In one broad aspect the present invention may be considered to be an improved endosseous dental implant fastening screw. As with conventional dental implant fastening screws, the improved fastening screw of the invention has a shank with right-hand male threads defined thereon and a fastening screw head located atop the shank and formed with an axial socket therein. The socket has a noncylindrical cavity located internally within the fastening screw head in longitudinal alignment with the fastening screw shank. This noncylindrical cavity may, for example, have a hexagonal, square, or star-shaped cross-sectional configuration like conventional sockets formed in conventional dental implant fastening screw heads. Unlike conventional dental implant fastening screws, however, the socket in the head of the fastening screw of the invention has a mouth at which internal female left-hand threads are formed.

By providing threads at the mouth of the socket that are oriented in a spiral direction opposite to those threads on the shank of the fastening screw a system is provided that allows the head of the fastening screw to be held releaseably secured to the tip of a manipulating tool while disengaging the fastening screw from the endosseous implant.

Clockwise rotation and advancement of the installation and removal tool causes the right-hand threads on the shank of the fastening screw to engage the corresponding right-hand threads in the implant and abutment members. Once a preliminary level of tightness has been achieved, continued clockwise rotation of the installation and removal tool of the invention disengages that tool from the head of the dental implant fastening screw and the screw is fully tightened utilizing a conventional installation tool.

The fastening screw can easily be removed utilizing the installation and removal tool of the invention by advancing the installation and removal tool into the fastener, and rotating it in a counterclockwise direction to engage the left-hand threads to join the fastener head to the distal tip of the installation and removal tool. Continued counterclockwise rotation backs the fastening screw out of engagement with the implant and abutment members while holding the fastening screw firmly in position on the distal tip of the installation and removal tool.

In another broad aspect the invention may be considered to be an improved endosseous dental implant system comprising: an endosseous dental implant member; a mating abutment member; and a fastening screw having a head with a shank depending therefrom. The endosseous dental implant member of the invention has a longitudinal bore with internal right-hand female implant screw threads defined therein. The mating abutment member has a longitudinal passageway defined throughout its length. The implant passageway is longitudinally aligned with the bore in the dental implant member. The implant passageway has an upper end of enlarged diameter thereby defining an upwardly facing annular screw head bearing ledge. The fastening screw shank has right-hand threads thereon engageable with both the implant screw heads and the abutment screw threads. The fastening screw head has an upwardly facing, noncylindrical socket formed with a mouth to the socket having internal left-hand threads defined thereon.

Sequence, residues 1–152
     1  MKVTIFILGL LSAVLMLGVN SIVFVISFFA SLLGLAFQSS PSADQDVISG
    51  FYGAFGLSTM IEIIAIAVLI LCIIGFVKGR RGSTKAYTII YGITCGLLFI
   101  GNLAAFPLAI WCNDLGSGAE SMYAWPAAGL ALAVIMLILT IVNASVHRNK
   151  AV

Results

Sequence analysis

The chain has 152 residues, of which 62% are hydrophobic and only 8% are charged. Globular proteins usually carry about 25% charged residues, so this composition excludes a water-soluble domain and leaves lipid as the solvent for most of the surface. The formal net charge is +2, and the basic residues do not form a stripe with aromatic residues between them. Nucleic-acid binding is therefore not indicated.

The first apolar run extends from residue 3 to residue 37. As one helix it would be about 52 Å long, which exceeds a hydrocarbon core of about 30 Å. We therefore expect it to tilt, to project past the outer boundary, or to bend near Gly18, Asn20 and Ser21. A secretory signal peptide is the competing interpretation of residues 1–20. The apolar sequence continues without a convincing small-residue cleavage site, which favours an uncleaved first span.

The invention may further be considered to be comprised of an installation and extraction tool for engaging the mouth of the socket. This installation and extraction tool is comprised of a grip with a shank extending therefrom formed as a screw extraction rod having a distal tip. External, male, left-hand threads engageable with the left-hand threads at the socket mouth of the fastening screw are formed on the distal tip of the shank of the installation and extraction tool. The noncylindrical socket in the screw head preferably has a hexagonal cross section. The extraction rod may have external, male, right-hand threads threadeably engageable with the implant screw threads formed on the extraction rod in longitudinal displacement from the distal tip.